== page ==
This is means: strong confidentiality of communication, impossibility to reverse the encryption (“unlock encryption”), no backdoors, and no monitoring of such communication. There is also a clause that Member States are prohibited to request the decrease of such cybersecurity and privacy technologies. This particular Article 17 would significantly improve the cybersecurity of European Union.

Selling of web browsing history not allowed

Amendment 17 and a number of others decrease the risk that selling of web browsing history will go mainstream in Europe, as in the USA. It will not be possible to offer contracts that are bundled with additional services such as profiling, data mining or selling of web browsing history. If the user has no free choice, the consent for the whole processing becomes invalid. This stark contrast with the changes in USA is positive.

Protection of sensitive data and mechanisms

The proposal makes it clear that processing of data with the potential to reveal behavioural data, psychological features, emotional conditions, preferences requires strict protection and are subject to strict rules of user awareness and consent. This for example relates to software such as operating systems or web browsers which offers a lot of information about the user and his behavior. In this particular case, I speak not only about the widely-known tracking and profiling, but also about accessing sensors data. Since I work on this topic, you can read about some of these on this blog. Examples: stealing browsing history using light sensors, battery information bring privacy issues, even proximity sensors or vibrations deserve care). This particular amendment would require increased transparency and control from operating systems and web browsers, which often still have some room for improvements.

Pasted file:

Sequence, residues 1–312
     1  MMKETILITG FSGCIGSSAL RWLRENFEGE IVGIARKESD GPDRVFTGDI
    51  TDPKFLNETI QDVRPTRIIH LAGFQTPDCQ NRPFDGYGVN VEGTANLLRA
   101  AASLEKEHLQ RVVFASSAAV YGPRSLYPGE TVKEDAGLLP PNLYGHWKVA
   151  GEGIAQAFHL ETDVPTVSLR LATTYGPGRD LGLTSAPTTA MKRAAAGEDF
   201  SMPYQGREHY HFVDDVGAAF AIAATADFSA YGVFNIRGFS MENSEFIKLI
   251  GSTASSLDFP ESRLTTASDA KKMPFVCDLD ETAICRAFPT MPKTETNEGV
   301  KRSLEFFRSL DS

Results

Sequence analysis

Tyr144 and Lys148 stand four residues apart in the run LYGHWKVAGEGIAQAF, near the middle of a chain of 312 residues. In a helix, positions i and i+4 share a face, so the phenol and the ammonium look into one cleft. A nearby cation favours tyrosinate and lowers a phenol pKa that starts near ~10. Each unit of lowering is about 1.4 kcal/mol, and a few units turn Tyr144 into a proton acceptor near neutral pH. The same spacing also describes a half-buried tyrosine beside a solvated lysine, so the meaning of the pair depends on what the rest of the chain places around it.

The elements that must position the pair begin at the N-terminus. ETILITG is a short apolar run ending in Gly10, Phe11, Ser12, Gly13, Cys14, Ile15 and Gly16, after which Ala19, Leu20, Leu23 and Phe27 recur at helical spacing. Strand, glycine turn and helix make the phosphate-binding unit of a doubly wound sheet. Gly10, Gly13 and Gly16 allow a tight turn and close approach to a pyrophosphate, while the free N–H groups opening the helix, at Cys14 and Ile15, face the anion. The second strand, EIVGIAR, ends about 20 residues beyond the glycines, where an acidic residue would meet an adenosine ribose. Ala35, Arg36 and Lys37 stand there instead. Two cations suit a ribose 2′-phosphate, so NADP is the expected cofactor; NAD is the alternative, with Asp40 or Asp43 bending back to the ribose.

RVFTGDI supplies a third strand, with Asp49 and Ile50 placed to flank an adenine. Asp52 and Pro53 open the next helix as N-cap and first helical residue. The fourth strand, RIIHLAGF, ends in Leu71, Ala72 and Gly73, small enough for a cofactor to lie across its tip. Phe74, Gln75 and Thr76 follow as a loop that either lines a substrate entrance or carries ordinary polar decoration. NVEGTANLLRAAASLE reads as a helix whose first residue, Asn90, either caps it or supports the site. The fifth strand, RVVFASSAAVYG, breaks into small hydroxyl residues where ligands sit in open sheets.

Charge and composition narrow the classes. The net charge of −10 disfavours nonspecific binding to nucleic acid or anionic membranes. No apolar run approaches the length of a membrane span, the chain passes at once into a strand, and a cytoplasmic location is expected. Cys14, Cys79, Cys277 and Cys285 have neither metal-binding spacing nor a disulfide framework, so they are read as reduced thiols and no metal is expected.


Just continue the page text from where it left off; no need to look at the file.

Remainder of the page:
Consequently, ePrivacy would explicitly require web browsers to offer permissions prior accessing sensitive browser mechanisms, such as geolocation sensor, microphone, camera - but I would argue, also other sensors. In that sense, these would absolutely need to be subject to browser permissions. Web browser vendors often complain that their current permission models aren’t good enough and require a lot of consent popups and consequently users become tired from having to constantly click on the consent dialogues such as “do you allow this website to access this or that”. This is an interesting opportunity to improve the privacy user interfaces and designs (I argue for this for a few years now!). In this sense, ePrivacy Regulation would become visionary.

Do Not Track